Español After intense lobbying efforts over the last two and a half years, last night the Brazilian Chamber of Deputies finally approved the main text of a bill that aims to regulate the internet. The new law will function as a “constitution” for the internet, ensuring certain guarantees, rights, principles, and obligations. It seeks to guarantee privacy rights for users, especially those related to the security of internet communications.
While the bill provoked debate throughout the parliamentary session, it was, in the end, approved without much resistance. According to Brazilian newspaper Folha de S. Paulo, the voting ended as a purely symbolic gesture, as no votes were actually tallied. Members of the Popular Socialist Party (PPS) were the only representatives to vote against the bill.
Margaret Tse of the Liberdade Institute, an NGO based in Porto Alegre dedicated to spreading the benefits of a free society and limited governments, told the PanAm Post that this new law, promoted by the government of Brazil, was designed to guarantee civil rights for internet users in the country. According to the her, “Brazilian legislators approved a bill that standardizes the way internet companies operating in Brazil will need to respond to legal requests.”
According to the architect of the bill, Representative Alessandro Molon of the Workers Party (PT), Brazilians need this law “to protect the essence of the internet, which is threatened by both market and government forces.”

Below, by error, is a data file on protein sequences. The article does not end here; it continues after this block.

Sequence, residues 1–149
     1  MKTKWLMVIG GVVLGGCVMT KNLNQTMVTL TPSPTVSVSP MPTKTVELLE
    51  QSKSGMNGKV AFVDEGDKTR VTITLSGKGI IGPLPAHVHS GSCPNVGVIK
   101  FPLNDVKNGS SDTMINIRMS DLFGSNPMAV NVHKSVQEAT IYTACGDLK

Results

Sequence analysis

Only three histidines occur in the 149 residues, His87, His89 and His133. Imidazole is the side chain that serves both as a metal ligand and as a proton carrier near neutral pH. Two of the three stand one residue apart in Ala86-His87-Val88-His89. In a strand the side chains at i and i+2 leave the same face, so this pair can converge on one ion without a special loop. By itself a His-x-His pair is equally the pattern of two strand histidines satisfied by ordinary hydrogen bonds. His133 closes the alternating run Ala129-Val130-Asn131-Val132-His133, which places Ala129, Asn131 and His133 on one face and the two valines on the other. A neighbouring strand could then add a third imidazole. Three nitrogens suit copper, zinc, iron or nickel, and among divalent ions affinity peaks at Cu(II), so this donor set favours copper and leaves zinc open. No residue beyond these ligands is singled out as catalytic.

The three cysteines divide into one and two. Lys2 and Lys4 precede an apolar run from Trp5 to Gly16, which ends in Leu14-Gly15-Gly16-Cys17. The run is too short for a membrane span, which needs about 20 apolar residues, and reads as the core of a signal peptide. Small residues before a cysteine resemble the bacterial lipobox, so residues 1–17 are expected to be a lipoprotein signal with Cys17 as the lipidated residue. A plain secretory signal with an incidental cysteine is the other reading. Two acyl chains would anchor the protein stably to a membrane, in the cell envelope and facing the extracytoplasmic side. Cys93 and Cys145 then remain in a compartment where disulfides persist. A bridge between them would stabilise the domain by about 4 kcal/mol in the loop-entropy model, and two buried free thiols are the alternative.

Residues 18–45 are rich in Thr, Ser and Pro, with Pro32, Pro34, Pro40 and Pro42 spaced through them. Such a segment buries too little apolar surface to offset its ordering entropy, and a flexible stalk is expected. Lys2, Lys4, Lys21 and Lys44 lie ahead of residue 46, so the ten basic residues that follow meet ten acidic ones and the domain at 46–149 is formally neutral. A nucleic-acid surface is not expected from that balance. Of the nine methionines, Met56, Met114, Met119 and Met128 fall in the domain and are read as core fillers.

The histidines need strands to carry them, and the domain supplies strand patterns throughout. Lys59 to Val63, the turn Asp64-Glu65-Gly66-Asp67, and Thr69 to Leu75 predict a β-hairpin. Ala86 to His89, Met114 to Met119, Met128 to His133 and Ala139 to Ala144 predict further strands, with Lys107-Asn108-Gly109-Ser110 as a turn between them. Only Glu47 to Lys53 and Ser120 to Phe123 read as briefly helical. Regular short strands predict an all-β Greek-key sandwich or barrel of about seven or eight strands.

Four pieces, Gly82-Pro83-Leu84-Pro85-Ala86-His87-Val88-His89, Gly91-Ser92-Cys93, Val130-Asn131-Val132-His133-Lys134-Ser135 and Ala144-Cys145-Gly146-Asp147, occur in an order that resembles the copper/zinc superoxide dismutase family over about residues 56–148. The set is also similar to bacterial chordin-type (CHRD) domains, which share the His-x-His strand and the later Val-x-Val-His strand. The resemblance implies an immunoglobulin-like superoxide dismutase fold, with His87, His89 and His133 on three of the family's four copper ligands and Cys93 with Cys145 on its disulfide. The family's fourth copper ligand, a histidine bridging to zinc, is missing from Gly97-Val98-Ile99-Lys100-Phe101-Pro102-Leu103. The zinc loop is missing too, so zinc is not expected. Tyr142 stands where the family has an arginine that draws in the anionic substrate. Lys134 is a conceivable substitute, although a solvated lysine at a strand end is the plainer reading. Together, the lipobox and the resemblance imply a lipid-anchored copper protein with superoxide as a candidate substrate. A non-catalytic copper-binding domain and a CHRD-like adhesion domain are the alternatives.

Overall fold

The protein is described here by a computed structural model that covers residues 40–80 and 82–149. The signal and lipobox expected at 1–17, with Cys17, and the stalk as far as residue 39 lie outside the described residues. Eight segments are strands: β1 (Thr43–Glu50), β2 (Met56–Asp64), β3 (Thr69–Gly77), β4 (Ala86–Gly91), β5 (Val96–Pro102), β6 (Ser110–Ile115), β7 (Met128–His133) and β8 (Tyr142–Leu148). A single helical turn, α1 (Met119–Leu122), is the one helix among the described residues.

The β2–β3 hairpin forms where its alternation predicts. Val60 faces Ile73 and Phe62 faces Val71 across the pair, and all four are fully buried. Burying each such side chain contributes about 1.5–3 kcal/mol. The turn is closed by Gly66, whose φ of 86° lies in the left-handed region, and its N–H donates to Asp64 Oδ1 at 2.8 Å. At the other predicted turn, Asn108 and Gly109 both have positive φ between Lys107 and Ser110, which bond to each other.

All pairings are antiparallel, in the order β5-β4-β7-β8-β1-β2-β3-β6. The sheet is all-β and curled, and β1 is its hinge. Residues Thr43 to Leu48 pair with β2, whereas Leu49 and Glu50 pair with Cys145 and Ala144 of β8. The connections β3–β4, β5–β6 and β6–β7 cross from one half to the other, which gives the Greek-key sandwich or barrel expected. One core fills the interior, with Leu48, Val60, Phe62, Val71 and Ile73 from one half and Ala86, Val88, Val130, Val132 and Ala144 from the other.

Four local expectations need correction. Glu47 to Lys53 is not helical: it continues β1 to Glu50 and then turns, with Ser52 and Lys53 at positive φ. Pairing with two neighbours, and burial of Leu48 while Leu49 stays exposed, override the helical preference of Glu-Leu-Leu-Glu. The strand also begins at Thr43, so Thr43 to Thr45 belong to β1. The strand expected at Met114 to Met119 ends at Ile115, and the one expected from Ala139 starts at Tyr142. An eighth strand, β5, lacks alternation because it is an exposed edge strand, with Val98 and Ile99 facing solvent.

Ideli Salvati, minister of institutional relations, said the legislation will force companies like Google and Facebook to comply with Brazilian law when a case involves a local citizen’s information, including any data that may be stored in other countries. With regard to net neutrality, the text of the bill approved by the Brazilian Congress stipulates that companies may not limit user access to specific content or tier their prices for different providers and their services.
This regulation gained traction following allegations of spying from former NSA contractor Edward Snowden, who revealed that the agency was secretly gathering data on personal communications, including that of Brazilian President Dilma Rousseff. Brazil’s government has passed this new law as it prepares to host the International Conference on Global Governance in Sao Paulo in April.
Regulation or Censorship?
This new initiative by the Rousseff administration is not without its critics. The Liberdade Institute has expressed concerns and stated that “the main theme of this bill is to provide permanent regulation of the internet in favor of the state, and even if this current administration does not censor, it empowers other political parties in the future to implement internet censorship.”
The principal question being posed by the NGO is, “Is this new law protecting the individual liberty of citizens, or is it protecting politicians?”
Tse of the Liberdade Institute explains that, relative to other counties throughout the world, Brazil has had more content removed from Google through similar legislation. According to Tse, this sort of regulation “tends to worsen censorship.”
Roberto Chiocca, of the Mises Institute Brazil, sharply criticized the new law by saying, “nothing good can come from a plan to regulate the internet.” He further stated, “An environment that functions well, even virtual, does so because it is anarchic. They want to destroy it by making it ‘democratic.'”